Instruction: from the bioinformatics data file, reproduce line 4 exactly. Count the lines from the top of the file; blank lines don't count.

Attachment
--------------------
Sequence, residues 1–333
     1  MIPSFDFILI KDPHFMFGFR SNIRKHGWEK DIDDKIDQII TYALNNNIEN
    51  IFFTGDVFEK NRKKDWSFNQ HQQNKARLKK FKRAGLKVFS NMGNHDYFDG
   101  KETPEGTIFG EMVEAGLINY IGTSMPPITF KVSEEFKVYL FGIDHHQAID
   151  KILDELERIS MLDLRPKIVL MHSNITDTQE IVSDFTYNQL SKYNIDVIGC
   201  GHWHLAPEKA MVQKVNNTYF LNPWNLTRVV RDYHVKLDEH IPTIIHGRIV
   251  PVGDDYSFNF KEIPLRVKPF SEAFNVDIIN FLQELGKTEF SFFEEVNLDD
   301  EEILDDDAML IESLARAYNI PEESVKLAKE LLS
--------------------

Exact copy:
   101  KETPEGTIFG EMVEAGLINY IGTSMPPITF KVSEEFKVYL FGIDHHQAID